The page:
Ambigamy

Insights for the deeply romantic and deeply skeptical

Goal-hugging: Exploiting the halo effect to distract and dominate

Goal-hugging: A slippery debate and switch tactic.

A goal is not a plan. Sometimes people pretend it is so they don’t have to plan. And sometimes people pretend it is to protect their plan from scrutiny.

In an NPR interview yesterday, the Senate Judiciary Committee’s Republican Ranking member, Jeff Sessions expressed his party’s persistent doubts about Sotomayor:  "She said her background could affect the facts she chose to see as a judge, and that, if believed, is a disqualifying thing, frankly."

The interviewer Robert Siegel tried over and over to bring Sessions around to wondering about the best plan to keep biases in check given that everyone has biases. Sessions ignored Siegel’s arguments returning over and over to the goal of keeping bias from affecting decisions. 

To highlight Session’s goal-as-plan subterfuge, here’s the conversation paraphrased:*

Sessions: Despite her declared commitment to our goal, we suspect that Sotomayor may not really share it.

Siegel: Perhaps she shares your goal but not your plan for achieving it.

Sessions: It is the priority goal.

Siegel: Of course it is, but there are reasonable questions about the Republican’s plan for achieving that goal.

Sessions: Well, that’s not good enough. It’s the priority goal.

Siegel: But there are different approaches to achieving that goal and it is reasonable to wonder whether the Republican plan might in fact, be counterproductive to achieving it.

Sessions: I can’t stress enough how great a priority this goal is.

Siegel: Republicans talk as though they don’t have biases, as though they have a perfectly surefire way to keep those biases in check, or as though they alone can see the truth without any interpretive bias. But Republicans have shown no more ability to keep their biases in check than anyone else.  It is reasonable to wonder whether admitting to bias or denying bias is the most effective approach to achieving our goal of minimizing bias in interpreting the law.

Sessions:  I don’t see why it is so difficult for you people to understand that the priority is that there be no bias or interpretation done by members of the supreme court.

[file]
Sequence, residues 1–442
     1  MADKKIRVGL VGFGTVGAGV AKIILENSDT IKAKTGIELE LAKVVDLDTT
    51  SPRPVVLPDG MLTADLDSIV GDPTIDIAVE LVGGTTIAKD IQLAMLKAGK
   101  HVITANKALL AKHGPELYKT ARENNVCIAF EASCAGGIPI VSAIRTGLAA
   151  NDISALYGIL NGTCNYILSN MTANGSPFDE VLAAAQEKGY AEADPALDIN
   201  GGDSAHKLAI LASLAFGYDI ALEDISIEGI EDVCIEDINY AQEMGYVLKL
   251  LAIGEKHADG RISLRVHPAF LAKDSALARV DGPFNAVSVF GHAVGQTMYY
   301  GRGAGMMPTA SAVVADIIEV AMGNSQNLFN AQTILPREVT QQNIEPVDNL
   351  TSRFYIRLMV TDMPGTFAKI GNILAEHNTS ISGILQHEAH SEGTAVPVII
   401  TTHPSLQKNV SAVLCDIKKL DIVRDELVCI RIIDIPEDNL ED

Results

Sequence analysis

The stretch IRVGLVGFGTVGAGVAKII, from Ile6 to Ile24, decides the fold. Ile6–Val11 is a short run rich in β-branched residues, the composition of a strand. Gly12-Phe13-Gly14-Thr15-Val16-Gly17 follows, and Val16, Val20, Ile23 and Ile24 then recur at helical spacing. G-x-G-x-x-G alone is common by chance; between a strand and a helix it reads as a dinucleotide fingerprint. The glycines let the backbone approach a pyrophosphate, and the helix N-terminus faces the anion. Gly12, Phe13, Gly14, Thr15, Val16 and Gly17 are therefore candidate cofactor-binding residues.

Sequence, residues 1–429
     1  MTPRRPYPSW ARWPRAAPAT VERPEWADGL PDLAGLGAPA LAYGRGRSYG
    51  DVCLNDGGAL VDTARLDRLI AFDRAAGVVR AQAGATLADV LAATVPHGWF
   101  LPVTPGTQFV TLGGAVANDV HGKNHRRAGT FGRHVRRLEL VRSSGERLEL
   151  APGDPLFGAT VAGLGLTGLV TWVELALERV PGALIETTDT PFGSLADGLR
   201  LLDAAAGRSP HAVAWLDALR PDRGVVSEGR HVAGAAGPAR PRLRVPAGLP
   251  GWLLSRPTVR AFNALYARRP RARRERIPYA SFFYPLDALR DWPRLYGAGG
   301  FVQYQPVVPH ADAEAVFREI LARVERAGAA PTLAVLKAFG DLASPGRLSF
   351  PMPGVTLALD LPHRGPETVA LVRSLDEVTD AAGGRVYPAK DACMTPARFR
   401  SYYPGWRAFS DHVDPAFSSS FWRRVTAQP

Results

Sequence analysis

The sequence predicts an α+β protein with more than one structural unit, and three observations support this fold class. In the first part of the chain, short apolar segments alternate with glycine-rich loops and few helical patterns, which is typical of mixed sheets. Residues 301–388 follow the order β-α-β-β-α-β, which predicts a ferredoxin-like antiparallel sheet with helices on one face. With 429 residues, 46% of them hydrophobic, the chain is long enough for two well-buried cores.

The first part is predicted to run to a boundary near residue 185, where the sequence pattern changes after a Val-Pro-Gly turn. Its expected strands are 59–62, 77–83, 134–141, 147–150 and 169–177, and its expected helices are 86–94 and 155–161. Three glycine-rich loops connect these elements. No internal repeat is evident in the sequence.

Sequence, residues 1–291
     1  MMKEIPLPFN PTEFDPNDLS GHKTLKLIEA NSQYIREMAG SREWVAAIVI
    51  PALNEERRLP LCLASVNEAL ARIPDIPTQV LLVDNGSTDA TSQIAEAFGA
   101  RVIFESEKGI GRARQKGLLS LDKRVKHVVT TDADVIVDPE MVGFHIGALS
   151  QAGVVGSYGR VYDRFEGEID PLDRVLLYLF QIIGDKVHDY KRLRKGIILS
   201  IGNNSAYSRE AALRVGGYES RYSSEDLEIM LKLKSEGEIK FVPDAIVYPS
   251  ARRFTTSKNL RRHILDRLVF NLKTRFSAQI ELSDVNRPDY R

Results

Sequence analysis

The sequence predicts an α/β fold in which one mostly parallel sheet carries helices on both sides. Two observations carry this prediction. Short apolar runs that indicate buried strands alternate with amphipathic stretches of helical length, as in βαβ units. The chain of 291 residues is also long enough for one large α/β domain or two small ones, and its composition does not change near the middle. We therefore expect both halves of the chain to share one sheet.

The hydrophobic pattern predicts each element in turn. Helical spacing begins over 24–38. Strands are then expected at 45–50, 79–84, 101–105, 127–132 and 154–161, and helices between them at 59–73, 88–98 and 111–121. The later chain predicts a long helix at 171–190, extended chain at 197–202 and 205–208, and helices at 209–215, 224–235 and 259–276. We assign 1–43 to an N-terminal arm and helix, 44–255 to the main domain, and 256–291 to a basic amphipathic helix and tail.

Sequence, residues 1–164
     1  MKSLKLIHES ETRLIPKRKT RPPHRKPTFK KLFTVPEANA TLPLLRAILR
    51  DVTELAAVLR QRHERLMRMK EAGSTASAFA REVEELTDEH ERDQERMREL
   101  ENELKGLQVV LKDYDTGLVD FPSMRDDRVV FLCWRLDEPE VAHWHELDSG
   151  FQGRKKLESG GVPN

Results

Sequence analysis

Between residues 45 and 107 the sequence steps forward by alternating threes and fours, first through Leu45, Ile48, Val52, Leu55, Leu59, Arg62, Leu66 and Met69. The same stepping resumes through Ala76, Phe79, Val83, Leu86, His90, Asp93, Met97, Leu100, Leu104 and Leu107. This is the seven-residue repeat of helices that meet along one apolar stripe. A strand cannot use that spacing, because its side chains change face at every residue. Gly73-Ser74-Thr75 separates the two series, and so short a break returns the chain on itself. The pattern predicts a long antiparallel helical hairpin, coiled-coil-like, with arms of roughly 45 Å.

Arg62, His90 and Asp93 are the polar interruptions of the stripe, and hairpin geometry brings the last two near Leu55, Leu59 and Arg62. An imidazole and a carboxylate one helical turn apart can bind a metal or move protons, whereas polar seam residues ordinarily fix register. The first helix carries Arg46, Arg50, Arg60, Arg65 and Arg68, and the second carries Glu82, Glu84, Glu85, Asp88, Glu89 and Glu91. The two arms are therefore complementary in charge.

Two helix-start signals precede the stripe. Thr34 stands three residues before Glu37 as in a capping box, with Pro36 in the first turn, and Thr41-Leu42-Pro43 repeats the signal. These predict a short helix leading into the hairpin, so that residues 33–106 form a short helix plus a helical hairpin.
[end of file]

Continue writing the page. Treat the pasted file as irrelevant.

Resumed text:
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Siegel:  Well, I thank you for your time Senator Sessions.


Patriotism is a last refuge of a scoundrel, but not the only refuge.  Patriotism, like freedom from bias is in effect, a goal. Declaring patriotism is the equivalent of saying “I love my country so much that I make a goal of serving it as best I can.” That’s a lofty goal perhaps but it’s not a plan. It becomes a refuge if debates about the best plan for achieving that goal are consistently blocked by goal-hugging. Another example:

X: America has got to invade Iraq to depose Saddam.
Y: I think that’s a bad plan.
X: You do?  Boy, you must really hate America.
 
It’s a powerful technique.  The Republicans aren’t going to have the power to block Sotomayor’s confirmation, but through relentless goal-hugging they have managed again to define the debate.

Claims to purity won them decades of dominance in Washington, a real chance to implement their social experiments.  Not one of them has played out as positively as predicted.  They demanded originalists on the bench who have turned out to be activists for the Republicans, they demanded deregulation and we ended up in a financial nightmare, they demanded social conservatism and today red states produce more unwed teen mothers than blue states.  They demanded less government and generated the greatest deficits in history. 

Fundamental to the Republican ethos is their plan for handling human deceptability.  Project it onto others so vehemently that you convince yourself you have none.  Trivialize the management of bias claiming it as simply a matter of discipline and choice and that therefore your opposition is weak willed.  Selectively forgive your own exposed biases, and claim quick “I once was lost but now I’m found” cures.  Interpret your own biases to be the pure originalist read, from which all alternative interpretations are divergent distortions.  Be selectively conservative, demanding only that your preferred traditions are sacrosanct while claiming to apply an even unbiased hand.

If there’s one thing psychologists can agree upon, it’s that this approach is not likely to achieve the stated goal of keeping bias from influencing decisions.  Psychologists and indeed scientists have committed to another approach. Admit to bias.  Put your biases on the table where you can keep an eye on them.  If you deny your bias the way the Republicans do, they operate uncontrolled behind your back.

No doubt that’s exactly what some Republicans want. Other Republicans hold this blinded and blinding ethos earnestly and will defend the scoundrels to the end.



* The radio interview can be heard at:  http://www.npr.org/templates/player/mediaPlayer.html?action=1&t=1...

 

Jeremy Sherman is an evolutionary epistemologist studying the natural history and practical realities of decision making.

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